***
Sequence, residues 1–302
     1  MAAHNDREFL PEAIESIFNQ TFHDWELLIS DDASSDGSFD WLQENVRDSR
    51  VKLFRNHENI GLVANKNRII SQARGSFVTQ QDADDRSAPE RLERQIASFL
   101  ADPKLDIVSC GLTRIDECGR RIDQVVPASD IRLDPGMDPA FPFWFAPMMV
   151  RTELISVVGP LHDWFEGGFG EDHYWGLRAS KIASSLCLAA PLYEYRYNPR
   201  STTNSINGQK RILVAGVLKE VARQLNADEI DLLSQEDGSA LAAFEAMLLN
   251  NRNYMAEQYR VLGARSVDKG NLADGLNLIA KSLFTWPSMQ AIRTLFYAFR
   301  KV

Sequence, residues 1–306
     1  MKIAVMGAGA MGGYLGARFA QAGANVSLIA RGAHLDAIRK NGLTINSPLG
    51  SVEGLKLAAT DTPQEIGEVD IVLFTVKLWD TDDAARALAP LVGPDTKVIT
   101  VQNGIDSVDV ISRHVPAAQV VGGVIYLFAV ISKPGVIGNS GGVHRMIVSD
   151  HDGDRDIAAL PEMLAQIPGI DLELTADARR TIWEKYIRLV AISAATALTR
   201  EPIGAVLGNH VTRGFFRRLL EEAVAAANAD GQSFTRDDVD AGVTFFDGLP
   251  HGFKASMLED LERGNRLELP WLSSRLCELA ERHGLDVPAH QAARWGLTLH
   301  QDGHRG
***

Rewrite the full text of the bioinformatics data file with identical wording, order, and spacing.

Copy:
Sequence, residues 1–302
     1  MAAHNDREFL PEAIESIFNQ TFHDWELLIS DDASSDGSFD WLQENVRDSR
    51  VKLFRNHENI GLVANKNRII SQARGSFVTQ QDADDRSAPE RLERQIASFL
   101  ADPKLDIVSC GLTRIDECGR RIDQVVPASD IRLDPGMDPA FPFWFAPMMV
   151  RTELISVVGP LHDWFEGGFG EDHYWGLRAS KIASSLCLAA PLYEYRYNPR
   201  STTNSINGQK RILVAGVLKE VARQLNADEI DLLSQEDGSA LAAFEAMLLN
   251  NRNYMAEQYR VLGARSVDKG NLADGLNLIA KSLFTWPSMQ AIRTLFYAFR
   301  KV

Sequence, residues 1–306
     1  MKIAVMGAGA MGGYLGARFA QAGANVSLIA RGAHLDAIRK NGLTINSPLG
    51  SVEGLKLAAT DTPQEIGEVD IVLFTVKLWD TDDAARALAP LVGPDTKVIT
   101  VQNGIDSVDV ISRHVPAAQV VGGVIYLFAV ISKPGVIGNS GGVHRMIVSD
   151  HDGDRDIAAL PEMLAQIPGI DLELTADARR TIWEKYIRLV AISAATALTR
   201  EPIGAVLGNH VTRGFFRRLL EEAVAAANAD GQSFTRDDVD AGVTFFDGLP
   251  HGFKASMLED LERGNRLELP WLSSRLCELA ERHGLDVPAH QAARWGLTLH
   301  QDGHRG